Commerce explores shared e-mail service

The Commerce Department is exploring the idea of migrating its bureaus to a centralized, contractor-operated e-mail service.

Commerce issued a request for information this month for what it termed a departmentwide Shared Service Center. That center would provide e-mail, calendar and instant-messaging services. It would also support the use of mobile devices such as Research in Motion BlackBerries.

The department envisions a “centrally managed infrastructure and the creation of a shared-services model,” according to the RFI. “The initial objective should be the migration of all [department] components to a single electronic communication and calendaring platform.”

The service center would need to provide services for at least 50,000 e-mail, calendar, IM and mobile users. The RFI also calls for the contractor to support Microsoft Exchange Server 2007 as the e-mail server and Microsoft Outlook 2003, Microsoft Entourage, Mozilla Thunderbird and Apple Mail as e-mail clients.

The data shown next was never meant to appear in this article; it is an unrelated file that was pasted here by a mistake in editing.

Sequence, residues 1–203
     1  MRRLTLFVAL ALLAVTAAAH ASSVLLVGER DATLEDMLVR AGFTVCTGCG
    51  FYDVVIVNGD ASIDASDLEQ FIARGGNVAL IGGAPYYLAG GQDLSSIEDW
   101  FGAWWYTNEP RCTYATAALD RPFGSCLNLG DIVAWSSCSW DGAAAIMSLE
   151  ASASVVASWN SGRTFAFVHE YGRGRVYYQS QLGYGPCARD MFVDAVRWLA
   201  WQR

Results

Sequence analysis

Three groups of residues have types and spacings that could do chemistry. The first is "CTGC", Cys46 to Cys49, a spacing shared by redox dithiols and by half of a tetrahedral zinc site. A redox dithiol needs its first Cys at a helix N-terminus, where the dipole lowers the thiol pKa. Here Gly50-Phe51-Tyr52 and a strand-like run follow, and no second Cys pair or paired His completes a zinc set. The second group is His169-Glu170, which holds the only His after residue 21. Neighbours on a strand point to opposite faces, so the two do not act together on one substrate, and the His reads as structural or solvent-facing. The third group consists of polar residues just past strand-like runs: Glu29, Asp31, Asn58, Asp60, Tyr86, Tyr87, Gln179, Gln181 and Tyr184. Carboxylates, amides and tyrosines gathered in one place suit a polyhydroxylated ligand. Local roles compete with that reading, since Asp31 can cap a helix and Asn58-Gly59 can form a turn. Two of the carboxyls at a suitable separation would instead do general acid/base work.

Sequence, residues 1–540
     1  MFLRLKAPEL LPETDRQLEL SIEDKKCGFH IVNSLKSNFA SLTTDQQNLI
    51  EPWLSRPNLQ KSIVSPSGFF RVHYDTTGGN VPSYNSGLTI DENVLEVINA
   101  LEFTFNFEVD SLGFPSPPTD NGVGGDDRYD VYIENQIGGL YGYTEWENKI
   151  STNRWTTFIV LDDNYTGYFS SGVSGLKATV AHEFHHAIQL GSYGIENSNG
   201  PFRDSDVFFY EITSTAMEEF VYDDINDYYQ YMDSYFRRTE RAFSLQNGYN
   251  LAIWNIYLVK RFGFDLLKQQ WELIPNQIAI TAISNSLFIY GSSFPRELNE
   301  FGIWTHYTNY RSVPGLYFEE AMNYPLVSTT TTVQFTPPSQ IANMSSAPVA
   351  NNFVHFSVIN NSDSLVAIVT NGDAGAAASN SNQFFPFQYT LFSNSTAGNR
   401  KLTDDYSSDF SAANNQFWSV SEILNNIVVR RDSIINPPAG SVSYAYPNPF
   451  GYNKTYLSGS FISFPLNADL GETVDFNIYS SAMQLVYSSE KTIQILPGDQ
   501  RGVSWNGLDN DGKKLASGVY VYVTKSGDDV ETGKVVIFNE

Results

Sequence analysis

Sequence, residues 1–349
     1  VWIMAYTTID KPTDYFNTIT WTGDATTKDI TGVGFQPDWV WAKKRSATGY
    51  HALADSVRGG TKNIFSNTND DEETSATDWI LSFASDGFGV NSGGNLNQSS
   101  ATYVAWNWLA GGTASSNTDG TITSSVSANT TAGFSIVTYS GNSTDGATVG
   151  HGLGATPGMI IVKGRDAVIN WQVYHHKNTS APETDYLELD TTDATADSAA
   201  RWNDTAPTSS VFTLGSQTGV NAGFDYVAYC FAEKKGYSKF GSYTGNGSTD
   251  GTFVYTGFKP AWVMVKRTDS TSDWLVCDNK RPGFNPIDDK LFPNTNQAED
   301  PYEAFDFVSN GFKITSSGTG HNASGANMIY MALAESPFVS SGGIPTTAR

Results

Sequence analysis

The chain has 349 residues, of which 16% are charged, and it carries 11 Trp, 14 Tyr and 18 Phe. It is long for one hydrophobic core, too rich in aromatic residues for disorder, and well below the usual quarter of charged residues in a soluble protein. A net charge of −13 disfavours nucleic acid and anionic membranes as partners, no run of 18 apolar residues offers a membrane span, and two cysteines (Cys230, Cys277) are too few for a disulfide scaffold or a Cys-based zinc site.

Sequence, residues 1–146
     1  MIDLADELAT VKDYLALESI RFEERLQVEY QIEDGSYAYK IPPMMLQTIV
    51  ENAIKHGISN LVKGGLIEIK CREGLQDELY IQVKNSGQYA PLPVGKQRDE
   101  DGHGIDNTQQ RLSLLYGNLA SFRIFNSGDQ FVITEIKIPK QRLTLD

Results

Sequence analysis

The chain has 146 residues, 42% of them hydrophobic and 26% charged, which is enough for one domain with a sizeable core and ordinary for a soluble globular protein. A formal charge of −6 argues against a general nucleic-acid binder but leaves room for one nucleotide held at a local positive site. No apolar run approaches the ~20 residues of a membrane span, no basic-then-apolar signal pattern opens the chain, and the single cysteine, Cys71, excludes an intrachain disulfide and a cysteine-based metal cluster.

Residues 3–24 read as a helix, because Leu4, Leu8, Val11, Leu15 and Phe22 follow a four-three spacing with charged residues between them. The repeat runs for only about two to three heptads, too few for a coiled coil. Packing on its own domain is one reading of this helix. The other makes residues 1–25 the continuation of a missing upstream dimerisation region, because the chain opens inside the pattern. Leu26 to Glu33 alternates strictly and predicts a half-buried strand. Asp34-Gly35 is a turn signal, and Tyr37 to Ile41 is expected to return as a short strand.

Commerce also wants the contractor to back up e-mail daily and retain two months of off-site backup tapes, according to the RFI. In a disaster, the department wants the contractor to restore e-mail services in two to four hours and make messaging services fully operational within 48 hours.

Commerce is issuing the RFI to identify potential sources and determine market interest. Responses are due June 25. If the department opts to pursue a procurement, it will issue a solicitation in August or September.

Several vendors offer hosted Exchange services, including Apptix, NaviSite and USinternetworking.

Moore is a freelance writer based in Syracuse, N.Y.

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